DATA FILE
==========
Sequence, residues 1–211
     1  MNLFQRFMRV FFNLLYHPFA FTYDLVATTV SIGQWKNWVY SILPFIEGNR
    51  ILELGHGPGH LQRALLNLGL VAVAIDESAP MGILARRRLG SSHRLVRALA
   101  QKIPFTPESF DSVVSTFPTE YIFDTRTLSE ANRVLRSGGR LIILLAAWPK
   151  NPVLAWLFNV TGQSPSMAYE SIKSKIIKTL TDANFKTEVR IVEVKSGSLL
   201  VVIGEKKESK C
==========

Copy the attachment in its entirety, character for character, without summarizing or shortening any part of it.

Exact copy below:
Sequence, residues 1–211
     1  MNLFQRFMRV FFNLLYHPFA FTYDLVATTV SIGQWKNWVY SILPFIEGNR
    51  ILELGHGPGH LQRALLNLGL VAVAIDESAP MGILARRRLG SSHRLVRALA
   101  QKIPFTPESF DSVVSTFPTE YIFDTRTLSE ANRVLRSGGR LIILLAAWPK
   151  NPVLAWLFNV TGQSPSMAYE SIKSKIIKTL TDANFKTEVR IVEVKSGSLL
   201  VVIGEKKESK C